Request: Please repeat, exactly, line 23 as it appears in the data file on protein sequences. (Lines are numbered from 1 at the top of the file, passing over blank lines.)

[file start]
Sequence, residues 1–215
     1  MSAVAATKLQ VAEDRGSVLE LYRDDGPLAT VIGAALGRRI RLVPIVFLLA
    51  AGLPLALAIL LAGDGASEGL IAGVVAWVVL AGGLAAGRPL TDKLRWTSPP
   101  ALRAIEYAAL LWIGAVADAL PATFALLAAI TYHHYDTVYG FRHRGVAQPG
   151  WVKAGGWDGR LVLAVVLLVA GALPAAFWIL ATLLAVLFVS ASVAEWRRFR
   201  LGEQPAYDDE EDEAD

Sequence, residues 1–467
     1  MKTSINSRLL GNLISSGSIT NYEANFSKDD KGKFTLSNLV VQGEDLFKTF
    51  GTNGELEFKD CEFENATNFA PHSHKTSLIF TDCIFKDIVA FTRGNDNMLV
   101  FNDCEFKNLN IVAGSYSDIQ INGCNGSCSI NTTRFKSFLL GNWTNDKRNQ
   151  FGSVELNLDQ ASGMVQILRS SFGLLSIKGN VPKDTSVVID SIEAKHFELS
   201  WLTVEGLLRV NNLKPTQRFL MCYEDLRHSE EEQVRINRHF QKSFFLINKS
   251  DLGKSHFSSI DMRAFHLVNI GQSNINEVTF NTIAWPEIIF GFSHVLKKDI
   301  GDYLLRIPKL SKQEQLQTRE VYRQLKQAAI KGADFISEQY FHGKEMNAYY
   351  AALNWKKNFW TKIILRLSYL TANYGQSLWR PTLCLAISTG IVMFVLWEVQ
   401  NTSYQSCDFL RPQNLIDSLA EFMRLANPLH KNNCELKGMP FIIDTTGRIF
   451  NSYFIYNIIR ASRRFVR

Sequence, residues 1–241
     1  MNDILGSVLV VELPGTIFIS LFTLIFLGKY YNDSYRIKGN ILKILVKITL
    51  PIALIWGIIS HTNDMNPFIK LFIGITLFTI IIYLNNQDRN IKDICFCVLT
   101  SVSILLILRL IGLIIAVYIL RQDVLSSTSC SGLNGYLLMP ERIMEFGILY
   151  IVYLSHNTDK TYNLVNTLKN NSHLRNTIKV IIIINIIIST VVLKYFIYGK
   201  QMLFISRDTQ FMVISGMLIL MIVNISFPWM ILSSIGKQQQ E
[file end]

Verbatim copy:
   201  QMLFISRDTQ FMVISGMLIL MIVNISFPWM ILSSIGKQQQ E